Far from giving fluoride a clean bill of health, the NAS called upon scientists to investigate if current fluoride exposures in the United States are contributing to chronic health problems, like bone disorders, thyroid disease, low intelligence, dementia, and diabetes, particularly in people who are most vulnerable to fluoride’s effects.10 These recommendations highlight that—despite 60 years of fluoridation—many of the basic studies necessary for determining the program’s safety have yet to be conducted. 

Fluoride is Not An Essential Nutrient

It is apparent that fluorides have the ability to interfere with the functions of the brain.

  • The possibility has been raised by studies conducted in China that fluoride can lower intellectual abilities.

  • Fluoride is an endocrine disruptor.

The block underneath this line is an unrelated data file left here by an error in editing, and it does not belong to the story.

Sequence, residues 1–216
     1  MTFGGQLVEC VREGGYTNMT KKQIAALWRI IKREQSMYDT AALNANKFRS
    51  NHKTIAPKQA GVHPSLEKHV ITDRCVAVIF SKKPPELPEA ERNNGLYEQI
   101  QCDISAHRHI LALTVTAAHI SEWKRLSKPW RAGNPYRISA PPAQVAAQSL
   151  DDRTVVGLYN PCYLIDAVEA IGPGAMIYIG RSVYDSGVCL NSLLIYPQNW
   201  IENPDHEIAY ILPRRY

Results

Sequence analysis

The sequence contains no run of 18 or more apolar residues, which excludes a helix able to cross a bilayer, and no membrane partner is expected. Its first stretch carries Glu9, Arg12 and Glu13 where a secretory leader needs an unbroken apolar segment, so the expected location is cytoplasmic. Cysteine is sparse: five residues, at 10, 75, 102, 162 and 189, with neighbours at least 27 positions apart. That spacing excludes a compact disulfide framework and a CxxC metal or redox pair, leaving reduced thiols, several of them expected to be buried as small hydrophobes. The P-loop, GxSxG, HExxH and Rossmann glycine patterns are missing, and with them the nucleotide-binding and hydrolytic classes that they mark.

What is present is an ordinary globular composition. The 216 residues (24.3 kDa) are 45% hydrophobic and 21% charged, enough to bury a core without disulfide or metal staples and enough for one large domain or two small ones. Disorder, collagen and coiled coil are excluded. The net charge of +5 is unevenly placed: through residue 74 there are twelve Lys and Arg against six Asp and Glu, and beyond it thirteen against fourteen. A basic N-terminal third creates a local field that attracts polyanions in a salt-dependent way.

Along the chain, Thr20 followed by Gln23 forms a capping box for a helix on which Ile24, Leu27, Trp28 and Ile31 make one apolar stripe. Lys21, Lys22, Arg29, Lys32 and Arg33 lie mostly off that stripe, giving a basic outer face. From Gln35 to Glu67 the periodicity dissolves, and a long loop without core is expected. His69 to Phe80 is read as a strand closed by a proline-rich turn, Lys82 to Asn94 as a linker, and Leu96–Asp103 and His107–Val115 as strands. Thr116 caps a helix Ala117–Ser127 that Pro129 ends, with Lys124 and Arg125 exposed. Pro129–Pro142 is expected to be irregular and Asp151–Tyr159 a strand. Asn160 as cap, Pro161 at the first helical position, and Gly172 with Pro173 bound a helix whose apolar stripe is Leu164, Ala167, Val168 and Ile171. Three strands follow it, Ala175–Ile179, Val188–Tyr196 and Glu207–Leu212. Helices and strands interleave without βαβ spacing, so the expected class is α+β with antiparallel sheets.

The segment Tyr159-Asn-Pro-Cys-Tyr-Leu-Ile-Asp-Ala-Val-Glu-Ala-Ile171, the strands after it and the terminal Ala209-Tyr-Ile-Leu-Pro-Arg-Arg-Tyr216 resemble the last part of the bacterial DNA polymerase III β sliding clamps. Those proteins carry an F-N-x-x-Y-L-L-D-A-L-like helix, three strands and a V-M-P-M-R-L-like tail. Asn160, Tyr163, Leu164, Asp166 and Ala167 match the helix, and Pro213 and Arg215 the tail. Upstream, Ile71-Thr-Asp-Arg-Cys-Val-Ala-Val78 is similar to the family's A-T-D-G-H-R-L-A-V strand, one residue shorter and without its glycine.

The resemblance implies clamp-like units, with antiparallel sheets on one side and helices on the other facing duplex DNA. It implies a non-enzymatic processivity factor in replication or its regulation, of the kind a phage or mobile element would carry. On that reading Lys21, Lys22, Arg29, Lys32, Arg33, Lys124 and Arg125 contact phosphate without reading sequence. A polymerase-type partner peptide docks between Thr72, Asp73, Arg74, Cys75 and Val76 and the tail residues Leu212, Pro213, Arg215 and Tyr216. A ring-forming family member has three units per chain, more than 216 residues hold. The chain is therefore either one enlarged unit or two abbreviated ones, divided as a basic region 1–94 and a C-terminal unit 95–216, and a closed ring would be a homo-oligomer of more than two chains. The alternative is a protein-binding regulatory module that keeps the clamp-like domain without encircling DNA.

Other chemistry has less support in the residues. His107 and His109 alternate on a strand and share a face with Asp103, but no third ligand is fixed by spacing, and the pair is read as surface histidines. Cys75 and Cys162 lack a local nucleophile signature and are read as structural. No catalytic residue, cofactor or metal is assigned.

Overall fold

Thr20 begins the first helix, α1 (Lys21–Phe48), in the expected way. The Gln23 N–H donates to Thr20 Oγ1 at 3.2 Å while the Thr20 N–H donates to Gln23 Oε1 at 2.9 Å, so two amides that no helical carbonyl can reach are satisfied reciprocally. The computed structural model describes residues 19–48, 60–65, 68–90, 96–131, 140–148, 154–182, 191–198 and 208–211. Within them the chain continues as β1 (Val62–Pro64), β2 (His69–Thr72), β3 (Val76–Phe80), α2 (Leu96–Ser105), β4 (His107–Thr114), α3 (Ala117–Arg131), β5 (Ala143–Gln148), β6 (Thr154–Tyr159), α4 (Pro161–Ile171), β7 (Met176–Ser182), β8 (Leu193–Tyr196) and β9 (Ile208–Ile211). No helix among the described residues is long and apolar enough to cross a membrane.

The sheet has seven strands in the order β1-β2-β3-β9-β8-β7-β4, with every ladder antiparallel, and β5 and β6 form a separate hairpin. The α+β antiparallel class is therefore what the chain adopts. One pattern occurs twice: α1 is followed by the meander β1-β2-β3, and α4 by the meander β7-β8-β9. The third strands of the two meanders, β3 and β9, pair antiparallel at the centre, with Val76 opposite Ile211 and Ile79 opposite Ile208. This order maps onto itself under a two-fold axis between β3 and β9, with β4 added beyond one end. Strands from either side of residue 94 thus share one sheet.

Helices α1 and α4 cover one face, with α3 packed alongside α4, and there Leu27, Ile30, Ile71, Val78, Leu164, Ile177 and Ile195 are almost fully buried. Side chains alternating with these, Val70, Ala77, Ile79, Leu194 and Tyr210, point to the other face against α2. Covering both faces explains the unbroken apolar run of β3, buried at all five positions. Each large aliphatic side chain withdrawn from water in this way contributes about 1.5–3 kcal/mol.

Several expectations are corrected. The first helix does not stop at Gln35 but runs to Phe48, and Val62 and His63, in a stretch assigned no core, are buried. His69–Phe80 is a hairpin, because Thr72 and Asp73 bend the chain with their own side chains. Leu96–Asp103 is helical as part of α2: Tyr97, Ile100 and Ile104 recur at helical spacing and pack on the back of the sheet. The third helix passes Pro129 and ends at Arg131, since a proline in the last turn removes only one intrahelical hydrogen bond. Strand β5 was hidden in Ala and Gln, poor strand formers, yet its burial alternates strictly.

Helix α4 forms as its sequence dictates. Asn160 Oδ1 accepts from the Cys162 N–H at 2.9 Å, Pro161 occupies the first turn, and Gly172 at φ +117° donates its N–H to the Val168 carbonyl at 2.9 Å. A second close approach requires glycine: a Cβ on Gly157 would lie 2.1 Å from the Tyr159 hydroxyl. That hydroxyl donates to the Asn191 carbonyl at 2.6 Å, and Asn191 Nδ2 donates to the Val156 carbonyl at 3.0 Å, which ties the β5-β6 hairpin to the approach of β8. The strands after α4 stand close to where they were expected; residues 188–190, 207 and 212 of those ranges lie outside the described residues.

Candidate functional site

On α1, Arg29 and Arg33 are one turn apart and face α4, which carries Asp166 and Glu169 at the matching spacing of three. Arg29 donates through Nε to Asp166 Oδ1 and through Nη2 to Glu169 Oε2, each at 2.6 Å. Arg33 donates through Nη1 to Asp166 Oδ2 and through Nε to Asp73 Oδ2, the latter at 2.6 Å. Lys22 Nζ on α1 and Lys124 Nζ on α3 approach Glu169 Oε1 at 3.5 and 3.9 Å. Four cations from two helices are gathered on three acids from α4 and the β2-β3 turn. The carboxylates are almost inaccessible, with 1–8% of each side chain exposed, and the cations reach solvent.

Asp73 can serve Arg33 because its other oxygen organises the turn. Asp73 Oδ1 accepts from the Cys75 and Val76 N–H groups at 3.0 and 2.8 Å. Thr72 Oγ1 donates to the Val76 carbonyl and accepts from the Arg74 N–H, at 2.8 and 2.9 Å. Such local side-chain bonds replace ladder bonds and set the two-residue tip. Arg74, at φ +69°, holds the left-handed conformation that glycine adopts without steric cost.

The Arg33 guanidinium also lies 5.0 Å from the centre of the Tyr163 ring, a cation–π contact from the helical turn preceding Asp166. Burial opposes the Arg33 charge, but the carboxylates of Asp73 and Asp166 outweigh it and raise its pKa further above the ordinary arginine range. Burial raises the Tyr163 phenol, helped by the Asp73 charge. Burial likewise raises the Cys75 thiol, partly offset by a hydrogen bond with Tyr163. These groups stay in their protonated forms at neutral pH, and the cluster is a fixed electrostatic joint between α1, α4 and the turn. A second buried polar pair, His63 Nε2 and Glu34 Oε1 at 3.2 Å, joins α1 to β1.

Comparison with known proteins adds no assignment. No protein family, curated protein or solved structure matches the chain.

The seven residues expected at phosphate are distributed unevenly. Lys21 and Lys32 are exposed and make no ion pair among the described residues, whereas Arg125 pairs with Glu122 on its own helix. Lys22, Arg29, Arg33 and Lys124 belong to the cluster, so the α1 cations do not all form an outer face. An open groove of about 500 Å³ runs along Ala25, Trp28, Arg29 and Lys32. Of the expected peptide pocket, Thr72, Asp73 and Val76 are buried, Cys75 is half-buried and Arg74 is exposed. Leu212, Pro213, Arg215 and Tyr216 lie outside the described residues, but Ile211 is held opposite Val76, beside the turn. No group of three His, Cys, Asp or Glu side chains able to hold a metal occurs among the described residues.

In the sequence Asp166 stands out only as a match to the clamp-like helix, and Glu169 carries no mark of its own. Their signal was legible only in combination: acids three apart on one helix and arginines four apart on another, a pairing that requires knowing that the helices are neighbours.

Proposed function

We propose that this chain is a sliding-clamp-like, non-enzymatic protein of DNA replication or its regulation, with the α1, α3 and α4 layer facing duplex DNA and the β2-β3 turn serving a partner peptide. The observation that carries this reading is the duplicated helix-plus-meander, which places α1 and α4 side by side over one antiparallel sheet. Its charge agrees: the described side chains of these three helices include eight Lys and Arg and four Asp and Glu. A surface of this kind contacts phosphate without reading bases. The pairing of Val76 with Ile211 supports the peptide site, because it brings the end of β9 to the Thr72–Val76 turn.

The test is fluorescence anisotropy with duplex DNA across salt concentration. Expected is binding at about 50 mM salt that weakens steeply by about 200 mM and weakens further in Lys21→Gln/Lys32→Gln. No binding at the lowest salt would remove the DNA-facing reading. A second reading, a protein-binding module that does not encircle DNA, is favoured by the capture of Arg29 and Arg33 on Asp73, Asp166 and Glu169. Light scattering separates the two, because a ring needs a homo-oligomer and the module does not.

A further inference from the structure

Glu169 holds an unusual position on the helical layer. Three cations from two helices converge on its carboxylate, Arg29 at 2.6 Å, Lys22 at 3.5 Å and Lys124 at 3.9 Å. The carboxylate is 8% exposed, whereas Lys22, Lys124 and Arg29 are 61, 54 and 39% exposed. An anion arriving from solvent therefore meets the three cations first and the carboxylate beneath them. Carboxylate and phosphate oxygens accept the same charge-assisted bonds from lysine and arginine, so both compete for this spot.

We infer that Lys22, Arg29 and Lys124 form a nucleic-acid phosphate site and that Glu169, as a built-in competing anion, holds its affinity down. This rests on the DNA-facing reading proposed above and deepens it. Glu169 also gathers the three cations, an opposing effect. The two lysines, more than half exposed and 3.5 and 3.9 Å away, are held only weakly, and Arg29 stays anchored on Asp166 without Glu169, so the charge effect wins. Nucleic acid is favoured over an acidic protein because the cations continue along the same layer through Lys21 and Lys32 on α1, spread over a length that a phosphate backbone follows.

• Several lines of information indicate an effect of fluoride exposure on thyroid function.

  • Sufficient fluoride exposure appears to . . . increase the severity of some types of diabetes.

  • The relationship between fertility and fluoride requires additional study.

  • Further research on a possible effect of fluoride on bladder cancer risk should be conducted.

  • These changes have a bearing on the possibility that fluorides act to increase the risk of developing Alzheimer’s disease.

-  SOURCE: National Research Council. (2006)

 Fluoride in Drinking Water: A Scientific Review of EPA’s Standards. National Academies Press, Washington D.C

Fluoride does not affect tooth decay rates

Tooth decay rates have “precipitously declined” in all western countries, irrespective of whether the country ever fluoridated its water.

Countries in RED use fluoride in water